> Posted by Josh Goldstein aka Mr. Provocative
The painful crawl toward full inclusion of all citizens in all realms of activity is one of the major storylines in American history. It is a key measure of the success of our democratic experiment that we, the people of the 21st century, continue to work with uneven success to perfect our society. How far we have come from the republic of our 18th century founders when only white male property owners enjoyed the privileges of full citizenship! But the advances toward equal rights and opportunities for women, African Americans, gays, persons with disabilities, and other minorities have come through the hard work over many generations of devoted citizen activists fighting for their causes and constituencies.
The point is that rights are not obtained by one Presidential decree, like the Emancipation Proclamation freeing the slaves in Confederate territory, or one legal remedy, like the 19th Amendment to the United States Constitution that enshrined women’s right to vote. These were essential milestones that secured progress, but they were preceded by decades of struggle and would have proven ephemeral if the generations that followed had not persisted in that struggle. There were many setbacks and detours along the way. Nothing was automatic or achieved without extraordinary persistence and sacrifice.
In pursuing financial inclusion, the Center for Financial Inclusion works toward this ideal of non-discrimination, with a special emphasis on economic equality and opportunity for poor people around the world. Nowhere is this more pointed than in the “Responsible Treatment of Clients” principle, one of the Smart Campaign’s Client Protection Principles for customers of financial institutions.
The Responsible Treatment of Clients principle declares that financial institutions will not “discriminate.” And in the accompanying guidance document it elaborates as follows: “Client selection and treatment should not involve discrimination on the basis of race, ethnicity, gender, political affiliation, disability, religion or orientation. Non-discriminatory treatment is important for providing access to financial services to all clients who can use them and builds their confidence in the fairness of the provider.” And the newly promulgated certification standards will require compliance to this core principle if certification is to be granted.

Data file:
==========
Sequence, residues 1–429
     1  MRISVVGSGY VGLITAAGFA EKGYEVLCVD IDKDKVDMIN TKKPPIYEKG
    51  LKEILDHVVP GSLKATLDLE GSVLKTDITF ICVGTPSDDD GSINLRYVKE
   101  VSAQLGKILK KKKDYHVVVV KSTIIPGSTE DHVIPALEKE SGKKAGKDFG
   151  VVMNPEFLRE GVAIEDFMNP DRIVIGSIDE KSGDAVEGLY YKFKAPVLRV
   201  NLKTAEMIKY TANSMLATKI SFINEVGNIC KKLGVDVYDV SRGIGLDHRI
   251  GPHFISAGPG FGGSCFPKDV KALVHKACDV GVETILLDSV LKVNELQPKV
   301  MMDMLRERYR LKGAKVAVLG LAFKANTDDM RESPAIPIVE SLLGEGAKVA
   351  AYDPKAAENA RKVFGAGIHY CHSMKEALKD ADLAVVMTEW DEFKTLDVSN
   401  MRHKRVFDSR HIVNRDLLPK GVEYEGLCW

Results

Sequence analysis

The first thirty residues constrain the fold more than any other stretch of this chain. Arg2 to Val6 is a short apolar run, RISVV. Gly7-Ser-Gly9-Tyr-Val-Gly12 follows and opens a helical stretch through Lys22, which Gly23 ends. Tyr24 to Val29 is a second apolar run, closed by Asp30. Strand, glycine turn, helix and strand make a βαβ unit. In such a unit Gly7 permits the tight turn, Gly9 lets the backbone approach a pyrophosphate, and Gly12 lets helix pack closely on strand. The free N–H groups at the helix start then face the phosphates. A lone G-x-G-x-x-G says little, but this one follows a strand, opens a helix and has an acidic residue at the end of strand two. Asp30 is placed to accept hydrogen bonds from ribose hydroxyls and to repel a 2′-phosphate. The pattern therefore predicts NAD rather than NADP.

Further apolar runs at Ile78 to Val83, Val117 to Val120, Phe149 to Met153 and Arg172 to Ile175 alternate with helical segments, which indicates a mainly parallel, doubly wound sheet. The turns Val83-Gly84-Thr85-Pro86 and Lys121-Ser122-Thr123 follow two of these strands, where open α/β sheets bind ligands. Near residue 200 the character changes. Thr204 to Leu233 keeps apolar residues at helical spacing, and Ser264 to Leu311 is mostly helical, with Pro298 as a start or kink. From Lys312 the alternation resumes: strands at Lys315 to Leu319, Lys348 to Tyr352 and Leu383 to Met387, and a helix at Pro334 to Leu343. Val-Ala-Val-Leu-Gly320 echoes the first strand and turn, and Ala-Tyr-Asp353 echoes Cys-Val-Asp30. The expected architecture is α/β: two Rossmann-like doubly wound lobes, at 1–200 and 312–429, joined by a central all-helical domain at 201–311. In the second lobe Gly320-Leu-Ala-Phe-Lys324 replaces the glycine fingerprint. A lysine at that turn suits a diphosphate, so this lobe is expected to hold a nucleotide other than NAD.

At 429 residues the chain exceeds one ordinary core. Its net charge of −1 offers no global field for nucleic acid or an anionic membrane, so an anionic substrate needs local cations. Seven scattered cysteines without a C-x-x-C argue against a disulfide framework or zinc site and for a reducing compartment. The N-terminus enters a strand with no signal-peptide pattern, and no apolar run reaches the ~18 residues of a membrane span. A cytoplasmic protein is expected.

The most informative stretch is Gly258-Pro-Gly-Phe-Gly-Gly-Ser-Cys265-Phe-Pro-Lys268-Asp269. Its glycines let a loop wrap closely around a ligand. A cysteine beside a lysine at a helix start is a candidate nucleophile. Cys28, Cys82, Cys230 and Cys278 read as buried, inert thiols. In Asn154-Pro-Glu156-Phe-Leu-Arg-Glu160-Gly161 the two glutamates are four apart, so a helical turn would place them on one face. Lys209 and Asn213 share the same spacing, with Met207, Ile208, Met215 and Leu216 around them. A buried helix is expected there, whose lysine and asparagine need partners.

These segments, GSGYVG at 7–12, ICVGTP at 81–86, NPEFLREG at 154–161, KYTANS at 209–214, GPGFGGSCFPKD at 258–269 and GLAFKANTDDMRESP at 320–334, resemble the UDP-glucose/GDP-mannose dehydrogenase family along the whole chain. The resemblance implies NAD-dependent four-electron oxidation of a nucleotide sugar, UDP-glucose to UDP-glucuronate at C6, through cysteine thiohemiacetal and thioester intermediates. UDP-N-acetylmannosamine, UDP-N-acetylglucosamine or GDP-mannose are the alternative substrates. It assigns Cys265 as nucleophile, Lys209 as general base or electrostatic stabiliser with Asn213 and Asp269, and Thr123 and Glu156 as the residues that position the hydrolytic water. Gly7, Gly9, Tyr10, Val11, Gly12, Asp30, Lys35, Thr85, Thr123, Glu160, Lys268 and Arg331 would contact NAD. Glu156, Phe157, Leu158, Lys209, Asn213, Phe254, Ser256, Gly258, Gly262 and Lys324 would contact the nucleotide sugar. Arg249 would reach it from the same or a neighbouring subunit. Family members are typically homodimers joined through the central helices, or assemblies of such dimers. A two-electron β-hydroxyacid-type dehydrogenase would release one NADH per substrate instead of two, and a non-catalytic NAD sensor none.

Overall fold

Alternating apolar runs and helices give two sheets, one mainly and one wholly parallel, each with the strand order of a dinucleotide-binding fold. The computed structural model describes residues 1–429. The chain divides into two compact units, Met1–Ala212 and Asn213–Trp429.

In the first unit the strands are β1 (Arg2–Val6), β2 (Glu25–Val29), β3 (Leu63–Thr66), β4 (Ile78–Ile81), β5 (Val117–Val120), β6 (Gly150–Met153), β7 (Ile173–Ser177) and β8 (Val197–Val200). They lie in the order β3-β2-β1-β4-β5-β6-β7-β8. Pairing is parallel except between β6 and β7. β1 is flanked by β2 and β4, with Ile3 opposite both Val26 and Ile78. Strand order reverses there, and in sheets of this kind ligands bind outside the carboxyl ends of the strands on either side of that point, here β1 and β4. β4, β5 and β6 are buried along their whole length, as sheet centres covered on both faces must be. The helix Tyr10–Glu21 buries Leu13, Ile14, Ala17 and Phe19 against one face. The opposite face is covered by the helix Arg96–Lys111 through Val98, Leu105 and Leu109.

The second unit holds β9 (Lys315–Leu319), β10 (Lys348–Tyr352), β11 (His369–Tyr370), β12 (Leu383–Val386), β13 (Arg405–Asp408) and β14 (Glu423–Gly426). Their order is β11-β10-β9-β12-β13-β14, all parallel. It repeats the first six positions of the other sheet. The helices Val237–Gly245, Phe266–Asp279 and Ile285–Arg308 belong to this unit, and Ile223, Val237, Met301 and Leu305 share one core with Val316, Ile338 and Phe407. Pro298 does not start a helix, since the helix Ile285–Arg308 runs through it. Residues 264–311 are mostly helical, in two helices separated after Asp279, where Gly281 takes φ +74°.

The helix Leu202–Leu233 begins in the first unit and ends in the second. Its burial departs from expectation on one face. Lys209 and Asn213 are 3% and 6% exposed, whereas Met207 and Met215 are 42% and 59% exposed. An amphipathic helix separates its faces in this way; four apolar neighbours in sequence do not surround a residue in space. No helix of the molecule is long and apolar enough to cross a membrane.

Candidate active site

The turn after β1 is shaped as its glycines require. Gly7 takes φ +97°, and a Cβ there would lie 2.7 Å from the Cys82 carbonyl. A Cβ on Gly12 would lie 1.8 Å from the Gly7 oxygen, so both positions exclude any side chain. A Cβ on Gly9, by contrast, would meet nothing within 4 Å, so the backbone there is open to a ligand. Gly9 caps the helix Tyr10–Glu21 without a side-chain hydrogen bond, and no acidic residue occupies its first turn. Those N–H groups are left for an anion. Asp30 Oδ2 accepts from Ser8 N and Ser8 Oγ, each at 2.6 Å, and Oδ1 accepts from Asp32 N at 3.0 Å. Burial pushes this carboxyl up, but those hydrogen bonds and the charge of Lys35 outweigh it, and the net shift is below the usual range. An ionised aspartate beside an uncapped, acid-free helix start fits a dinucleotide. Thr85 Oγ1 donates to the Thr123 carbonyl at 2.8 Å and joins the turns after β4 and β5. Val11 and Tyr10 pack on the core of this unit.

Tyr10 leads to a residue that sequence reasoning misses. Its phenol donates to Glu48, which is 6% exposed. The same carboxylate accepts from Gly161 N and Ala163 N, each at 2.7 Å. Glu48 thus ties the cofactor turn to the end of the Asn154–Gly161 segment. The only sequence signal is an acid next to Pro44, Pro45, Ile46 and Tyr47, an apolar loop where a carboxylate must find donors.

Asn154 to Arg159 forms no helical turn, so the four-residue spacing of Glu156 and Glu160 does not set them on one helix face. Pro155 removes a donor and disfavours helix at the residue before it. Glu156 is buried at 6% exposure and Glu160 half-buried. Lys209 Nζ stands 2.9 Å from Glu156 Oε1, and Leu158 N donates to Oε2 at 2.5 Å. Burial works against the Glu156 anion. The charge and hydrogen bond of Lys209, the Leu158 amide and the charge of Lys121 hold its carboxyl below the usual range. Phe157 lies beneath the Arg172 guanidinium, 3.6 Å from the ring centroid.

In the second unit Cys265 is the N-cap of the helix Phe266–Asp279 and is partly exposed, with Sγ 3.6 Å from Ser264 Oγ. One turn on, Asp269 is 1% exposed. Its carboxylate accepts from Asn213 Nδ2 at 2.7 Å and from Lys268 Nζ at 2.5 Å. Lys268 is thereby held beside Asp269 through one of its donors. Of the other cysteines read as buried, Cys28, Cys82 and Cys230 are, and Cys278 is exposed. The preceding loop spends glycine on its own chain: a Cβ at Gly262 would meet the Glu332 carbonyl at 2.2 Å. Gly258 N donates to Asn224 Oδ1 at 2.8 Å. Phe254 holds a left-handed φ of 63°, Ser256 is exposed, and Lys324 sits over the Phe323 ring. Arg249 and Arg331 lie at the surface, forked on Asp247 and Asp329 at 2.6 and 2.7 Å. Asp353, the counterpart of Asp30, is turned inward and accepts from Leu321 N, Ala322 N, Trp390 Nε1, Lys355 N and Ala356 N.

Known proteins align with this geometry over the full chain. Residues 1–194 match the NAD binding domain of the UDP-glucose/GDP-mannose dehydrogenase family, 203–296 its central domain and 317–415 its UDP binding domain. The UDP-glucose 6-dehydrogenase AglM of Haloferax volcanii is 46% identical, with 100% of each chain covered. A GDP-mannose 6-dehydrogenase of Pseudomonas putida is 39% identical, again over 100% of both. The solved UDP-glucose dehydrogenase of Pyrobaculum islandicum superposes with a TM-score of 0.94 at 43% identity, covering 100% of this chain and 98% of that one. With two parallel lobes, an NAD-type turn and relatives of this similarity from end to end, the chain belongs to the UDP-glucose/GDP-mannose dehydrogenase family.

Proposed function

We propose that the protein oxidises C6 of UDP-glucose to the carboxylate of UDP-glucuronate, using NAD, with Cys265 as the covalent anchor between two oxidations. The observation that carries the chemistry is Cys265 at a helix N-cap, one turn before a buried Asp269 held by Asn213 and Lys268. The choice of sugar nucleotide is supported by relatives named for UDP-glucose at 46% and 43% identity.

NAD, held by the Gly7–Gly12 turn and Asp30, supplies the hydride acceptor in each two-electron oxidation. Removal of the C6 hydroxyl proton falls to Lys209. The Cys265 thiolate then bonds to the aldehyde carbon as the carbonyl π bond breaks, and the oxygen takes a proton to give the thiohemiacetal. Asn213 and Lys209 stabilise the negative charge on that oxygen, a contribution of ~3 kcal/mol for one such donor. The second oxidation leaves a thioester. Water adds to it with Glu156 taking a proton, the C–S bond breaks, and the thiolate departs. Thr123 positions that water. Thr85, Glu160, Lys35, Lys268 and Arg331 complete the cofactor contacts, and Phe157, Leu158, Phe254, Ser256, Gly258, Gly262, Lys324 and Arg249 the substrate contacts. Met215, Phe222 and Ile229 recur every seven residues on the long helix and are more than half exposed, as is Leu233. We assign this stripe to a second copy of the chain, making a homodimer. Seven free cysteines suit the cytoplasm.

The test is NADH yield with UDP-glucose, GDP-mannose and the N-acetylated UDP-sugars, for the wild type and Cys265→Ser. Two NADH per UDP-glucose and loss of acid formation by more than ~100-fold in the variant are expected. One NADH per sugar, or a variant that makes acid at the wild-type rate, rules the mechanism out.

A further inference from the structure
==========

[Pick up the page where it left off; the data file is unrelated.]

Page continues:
Here is what worries me: Requiring immediate compliance with this noble non-discrimination principle may be unrealistic. The principle is ahistorical and non-contextual. It implies a global consensus on rights and assumes a universality that does not exist. Tolerance, let alone acceptance of homosexuality, just to name one example, is not a given in most countries. Far from it – as we know perfectly well to this day in the United States.
The principle may be at odds with a particular country’s local history, time-honored mores and folkways. When I look at how long it has taken, and continues to take the United States (more than 200 years) to come into imperfect compliance with the very principles upon which it was founded, I believe we need to be patient and tactful in asking for immediate compliance from financial institutions in other nations that have different founding premises. This is both unrealistic and unfair and could have the unintended consequence of provoking a fierce reaction and setting back the cause of equality.
At the same time, gently pushing institutions towards non-discrimination and equal opportunity should continue. The ideals enshrined in the Client Protection Principles are worth fighting for. But the principles must have enough built-in flexibility to take account of local realities. The certification teams will have to find ways to strike the right balance and should be prepared for the complexity of the task. The crawl towards inclusion is not a straight line.
Great change does not happen overnight.
Image credit: Victoria Labalme / Property Manager
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